Whilst other vehicle manufacturers around the world are laying off workers; Ford UK 3000, General Motors 5000 over the next two years and the big three in America posting their worst results for a decade, Japanese vehicle manufacturers, and especially Isuzu, are enjoying full production capacity and buoyant sales proving that quality still sells in difficult trading times. Japanese manufacturers now have 26.8% of the American market, the land of the car, which is an increase of 1.9% on 1990.
Since inception in 1916, Isuzu was more ponderously known as the Ishikawajima Shipbuilding and Engineering Company, then in 1939 as Tokyo Motors Inc. and finally as Isuzu Motors Ltd in 1949. The Fujisawa plant was opened for operation in 1962 to produce cars and light trucks. Today the plant not only produces these vehicles but also buses, automobile and industrial engines plus automatic transmissions. With its own testing track this complex is the location for the majority of Isuzu’s research and development. Isuzu also has manufacturing facilities in the cities of Kawasaki, Tochigi and Hokkaido.
To achieve international status Isuzu, in 1971, affiliated with General Motors, the world’s largest vehicle manufacturer. It was also in 1971 that Isuzu put the first computerised robot to work on the assembly line. This has now expanded into a total of 251 robots that now operate in the Fujisawa plant.
The plant, which I had the pleasure of touring with a guide supplied by Isuzu, was made up of four factories, each of which had a function in the assembly chain.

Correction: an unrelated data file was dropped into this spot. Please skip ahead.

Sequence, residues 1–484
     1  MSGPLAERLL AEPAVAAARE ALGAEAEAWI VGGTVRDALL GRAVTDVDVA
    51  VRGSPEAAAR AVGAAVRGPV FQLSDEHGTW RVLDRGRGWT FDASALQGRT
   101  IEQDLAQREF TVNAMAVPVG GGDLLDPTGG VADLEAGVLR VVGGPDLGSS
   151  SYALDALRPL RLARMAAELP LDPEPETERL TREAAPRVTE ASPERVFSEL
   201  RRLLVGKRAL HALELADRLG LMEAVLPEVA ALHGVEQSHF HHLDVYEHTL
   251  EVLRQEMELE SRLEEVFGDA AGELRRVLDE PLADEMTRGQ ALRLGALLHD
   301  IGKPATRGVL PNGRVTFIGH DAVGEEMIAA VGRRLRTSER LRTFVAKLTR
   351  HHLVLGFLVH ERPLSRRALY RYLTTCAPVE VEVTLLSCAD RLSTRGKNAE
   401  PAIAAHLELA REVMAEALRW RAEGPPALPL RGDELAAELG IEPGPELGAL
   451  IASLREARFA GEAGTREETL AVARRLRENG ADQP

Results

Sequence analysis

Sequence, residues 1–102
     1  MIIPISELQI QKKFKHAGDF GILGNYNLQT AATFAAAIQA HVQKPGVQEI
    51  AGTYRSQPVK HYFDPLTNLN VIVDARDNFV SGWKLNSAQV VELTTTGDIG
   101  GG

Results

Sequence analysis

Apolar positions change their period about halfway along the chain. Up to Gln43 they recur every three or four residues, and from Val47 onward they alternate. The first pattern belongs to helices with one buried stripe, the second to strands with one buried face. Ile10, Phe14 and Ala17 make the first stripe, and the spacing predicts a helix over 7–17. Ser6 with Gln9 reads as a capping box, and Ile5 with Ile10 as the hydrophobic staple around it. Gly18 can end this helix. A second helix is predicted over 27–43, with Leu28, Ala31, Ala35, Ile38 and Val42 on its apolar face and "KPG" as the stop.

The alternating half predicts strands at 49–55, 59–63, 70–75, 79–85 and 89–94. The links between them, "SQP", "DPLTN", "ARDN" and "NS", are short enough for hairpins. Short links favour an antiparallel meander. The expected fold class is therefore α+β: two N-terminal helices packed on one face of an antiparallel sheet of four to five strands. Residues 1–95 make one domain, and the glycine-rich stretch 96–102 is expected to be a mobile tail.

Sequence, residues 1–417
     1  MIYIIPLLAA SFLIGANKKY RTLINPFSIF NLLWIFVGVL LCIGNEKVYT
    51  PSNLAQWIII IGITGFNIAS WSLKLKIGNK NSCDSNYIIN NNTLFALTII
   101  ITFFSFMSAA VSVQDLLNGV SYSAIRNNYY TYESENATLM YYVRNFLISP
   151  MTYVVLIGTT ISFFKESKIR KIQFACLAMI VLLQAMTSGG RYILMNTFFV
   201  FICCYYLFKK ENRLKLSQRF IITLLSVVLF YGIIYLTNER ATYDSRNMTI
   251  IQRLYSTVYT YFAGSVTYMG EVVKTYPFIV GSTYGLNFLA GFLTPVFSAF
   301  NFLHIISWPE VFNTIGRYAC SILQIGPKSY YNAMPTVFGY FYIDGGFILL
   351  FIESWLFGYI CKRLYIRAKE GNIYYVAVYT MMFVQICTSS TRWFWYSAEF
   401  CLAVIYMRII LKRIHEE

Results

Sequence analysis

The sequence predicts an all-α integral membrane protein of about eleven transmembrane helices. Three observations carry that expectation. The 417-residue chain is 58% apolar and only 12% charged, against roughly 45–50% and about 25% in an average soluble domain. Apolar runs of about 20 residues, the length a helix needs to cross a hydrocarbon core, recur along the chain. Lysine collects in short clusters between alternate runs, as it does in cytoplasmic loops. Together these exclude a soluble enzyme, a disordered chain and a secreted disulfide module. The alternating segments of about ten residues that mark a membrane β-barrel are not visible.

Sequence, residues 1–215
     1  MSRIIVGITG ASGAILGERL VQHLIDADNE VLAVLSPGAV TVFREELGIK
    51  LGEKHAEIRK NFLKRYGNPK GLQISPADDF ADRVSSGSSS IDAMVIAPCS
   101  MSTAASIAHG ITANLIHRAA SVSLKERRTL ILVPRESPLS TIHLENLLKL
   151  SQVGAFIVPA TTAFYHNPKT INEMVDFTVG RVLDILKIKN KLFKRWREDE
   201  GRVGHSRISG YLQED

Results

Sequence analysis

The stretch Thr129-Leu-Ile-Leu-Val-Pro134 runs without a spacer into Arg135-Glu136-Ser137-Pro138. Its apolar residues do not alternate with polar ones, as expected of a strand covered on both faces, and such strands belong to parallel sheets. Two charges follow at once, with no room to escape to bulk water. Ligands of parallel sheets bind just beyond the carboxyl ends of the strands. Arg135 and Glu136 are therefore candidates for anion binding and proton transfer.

Number 1 Plant
The first plant is what is known as the body stamp shop. Here oeparates 14 x 3,500 tonne press lines forming all the body panels such as the doors, floor, roof, boots, bonnets and mudguard. Each giant press effects 5 presses simultaneously.
An endless stream of automated guided vehicles (AGVs) then collects the panels and take them to the panel holding bays in preparation for the next process of another AGV being loaded by a robot and the panels are then placed in the robotic welding area. Here the panels are assembled by a team of computerised robots. The complexity of the process is evident by the fact that due to the make-to-order and Just-in-Time procedures in place, the robots can not only assemble the entire body shell, but can do 3 different models at random as dictated by the computer that is integrated with the order process department’s computer.
As further proof of the degree computer technology at Isuzu, not only do three different models go through the assembly line together, but there are up to